Every No. 1 Country Single of the Eighties: Ronnie Milsap, “Smoky Mountain Rain”

“Smoky Mountain Rain”

Ronnie Milsap

Written by Kyle Fleming and Dennis Morgan

Radio & Records

#1 (4 weeks)

November 21 – December 12, 1980


#1 (1 week)

December 6, 1980

Ronnie Milsap topped the Billboard chart so regularly in the eighties that it can be hard to discern which of his many number ones were the biggest hits.  As noted in the introduction to this feature, Billboard functioned in the eighties more like the Radio & Records list did in the nineties, and vice versa.  So if you need an indication at how massive “Smoky Mountain Rain” was, take a look at its four week stint at the top on the Radio & Records chart.

Let’s take a moment to appreciate that this is the third consecutive No. 1 single from a crossover artist that was used to promote a greatest hits package, and these singles helped power each artist’s collection to multi-platinum sales.  It’s already a challenge picking new material to go with a collection of hits.  Anne Murray, Kenny Rogers, and Ronnie Milsap all managed to pick songs that became signature hits in their own right.

There’s something epic about “Smoky Mountain Rain,” with its dramatic strings, tightly written plotline, and the desperation in Milsap’s vocal.  I can forgive it being so clearly derivative of the Elvis Presley classic “Kentucky Rain” because the lyrics are so vivid that I was able to picture eastern Tennessee many years before I ever visited there.  The arrangement is so inspired, with new surprises at every turn, even upon repeated listens.

A lot of records from this era feel dated, many because they tried to do a production like this and they couldn’t pull it off.  It takes a strong vocalist to stand out among all of the theatrical elements here, and Milsap was one of the few in his day that could do it.   In this string of ten consecutive No. 1 hits, this might be my personal favorite.

“Smoky Mountain Rain” gets an A.

Every No. 1 Single of the Eighties

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Next: Crystal Gayle, “If You Ever Change Your Mind”


  1. Ronnie really was (is?) a killer vocalist. I saw him open for George Strait in 2007, and he sounded just as good as he did back in his heyday.

  2. Wow… I never realized how many iconic hit singles were released in 1980 alone. We’ve already seen “He Stopped Loving Her Today”, “Drivin’ My Life Away”, “I Believe In You”, “On The Road Again”, and now “Smoky Mountain Rain”, just to name a few. This was a really strong year with a lot of songs well-worthy of “A” ratings.

  3. I remember struggling as to which Greatest Hits album to buy in December of 1980. Kenny Rogers, Ronnie Milsap, and Anne Murray all released one at about the same time. Not only were each of these hits albums full of major hit songs but they all had a brand new song that was fire. I think I bought Kenny’s and got the other two for Christmas.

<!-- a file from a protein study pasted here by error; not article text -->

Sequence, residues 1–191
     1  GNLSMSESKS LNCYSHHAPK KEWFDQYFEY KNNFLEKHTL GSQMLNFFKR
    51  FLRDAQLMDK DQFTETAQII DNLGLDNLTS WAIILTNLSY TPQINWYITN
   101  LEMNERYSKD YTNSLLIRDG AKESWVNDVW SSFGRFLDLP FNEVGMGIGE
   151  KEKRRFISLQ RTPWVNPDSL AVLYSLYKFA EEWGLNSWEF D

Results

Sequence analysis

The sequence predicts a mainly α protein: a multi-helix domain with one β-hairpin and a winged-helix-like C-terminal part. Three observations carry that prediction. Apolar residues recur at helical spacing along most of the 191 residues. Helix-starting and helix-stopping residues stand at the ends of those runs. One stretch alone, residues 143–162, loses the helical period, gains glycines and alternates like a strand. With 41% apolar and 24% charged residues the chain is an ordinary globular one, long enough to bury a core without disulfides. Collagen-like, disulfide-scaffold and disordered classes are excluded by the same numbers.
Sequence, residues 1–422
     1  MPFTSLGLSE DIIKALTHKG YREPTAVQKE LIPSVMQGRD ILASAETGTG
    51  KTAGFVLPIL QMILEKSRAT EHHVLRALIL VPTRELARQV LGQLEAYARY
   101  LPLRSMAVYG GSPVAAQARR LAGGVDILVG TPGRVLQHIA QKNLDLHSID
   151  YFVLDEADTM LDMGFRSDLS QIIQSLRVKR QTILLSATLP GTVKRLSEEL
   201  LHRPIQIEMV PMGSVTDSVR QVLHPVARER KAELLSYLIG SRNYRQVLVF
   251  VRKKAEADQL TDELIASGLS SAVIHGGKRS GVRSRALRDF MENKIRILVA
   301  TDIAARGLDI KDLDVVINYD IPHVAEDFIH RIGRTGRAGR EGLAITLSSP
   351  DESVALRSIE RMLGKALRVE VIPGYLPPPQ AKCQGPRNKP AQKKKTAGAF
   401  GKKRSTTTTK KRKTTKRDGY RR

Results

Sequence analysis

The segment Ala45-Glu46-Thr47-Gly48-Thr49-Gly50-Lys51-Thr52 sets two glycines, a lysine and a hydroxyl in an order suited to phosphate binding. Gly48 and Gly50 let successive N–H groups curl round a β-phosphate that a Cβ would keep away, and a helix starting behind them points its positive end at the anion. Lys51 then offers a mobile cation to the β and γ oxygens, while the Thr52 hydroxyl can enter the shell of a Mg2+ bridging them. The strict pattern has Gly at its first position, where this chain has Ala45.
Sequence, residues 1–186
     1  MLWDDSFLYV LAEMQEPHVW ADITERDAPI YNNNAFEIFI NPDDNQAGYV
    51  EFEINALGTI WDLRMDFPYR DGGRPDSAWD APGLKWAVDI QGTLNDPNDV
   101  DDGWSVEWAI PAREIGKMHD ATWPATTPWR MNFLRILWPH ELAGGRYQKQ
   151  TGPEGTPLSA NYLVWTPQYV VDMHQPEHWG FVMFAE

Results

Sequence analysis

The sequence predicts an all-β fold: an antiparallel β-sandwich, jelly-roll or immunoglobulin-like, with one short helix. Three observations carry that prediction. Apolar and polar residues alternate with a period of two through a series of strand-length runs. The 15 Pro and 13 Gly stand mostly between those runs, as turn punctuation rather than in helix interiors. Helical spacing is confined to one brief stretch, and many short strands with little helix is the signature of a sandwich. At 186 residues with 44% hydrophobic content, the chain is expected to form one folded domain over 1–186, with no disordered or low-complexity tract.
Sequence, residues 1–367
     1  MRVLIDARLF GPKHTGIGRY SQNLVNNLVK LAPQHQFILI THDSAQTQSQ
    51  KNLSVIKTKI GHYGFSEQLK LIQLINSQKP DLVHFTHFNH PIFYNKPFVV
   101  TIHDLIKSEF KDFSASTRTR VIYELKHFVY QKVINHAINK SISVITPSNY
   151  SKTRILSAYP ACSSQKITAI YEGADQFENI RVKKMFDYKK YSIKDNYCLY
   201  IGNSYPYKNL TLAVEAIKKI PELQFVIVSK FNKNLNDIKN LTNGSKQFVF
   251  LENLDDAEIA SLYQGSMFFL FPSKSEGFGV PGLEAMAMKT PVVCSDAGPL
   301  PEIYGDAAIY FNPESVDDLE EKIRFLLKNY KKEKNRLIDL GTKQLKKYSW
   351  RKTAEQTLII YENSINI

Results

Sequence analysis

Smokey Mountain Rain was something different from Ronnie as he had recently been releasing one hit ballad after another. I love the piano arrangement and the story. Millsap couldn’t miss at this time and I would definitely include this song as one of his best songs of his career.

  4. This is “the” Ronnie Milsap song everyone knows and for good reason. I agree this song transports me to Tennessee and it’s like I see what he’s singing about and that’s the sign of a great song. Even though Ronnie was the genres biggest stars, I really feel like he was the most diverse vocalist in the genre. He could go from, hardcore Country, pop, soul, rock and gospel with complete ease and it never felt awkward.

  5. @ Steve. Me too! Like the late 90’s, I kinda dismissed the early 80’s as a boring time in country music but man this year has all time classics. Love this feature!

  6. The song drips with intensity, obsession, and drama. From the opening notes, the piano and guitar makes us feel the rain the narrator describes running down his face.

    In his autobiography, Milsap maintained he is a singer and not a vocal stylist. His technical skills as a singer afforded him the range and versatility for which he is most often celebrated.

    This song is in the ring with John Conlee’s “Friday Night Blues” for what the best of early eighties country production could do and sound like.

    “Smoky Mountain Rain” is outrageously compelling. Despite obviously knowing the song well, I still want to hear him describe climbing into the cab “all wet, cold, and lonely” and his wanting to find her “no matter what it takes.”

    I do worry, however, that he can, and likely will, go on hurting that way.

    Chalk up another 1980 classic!

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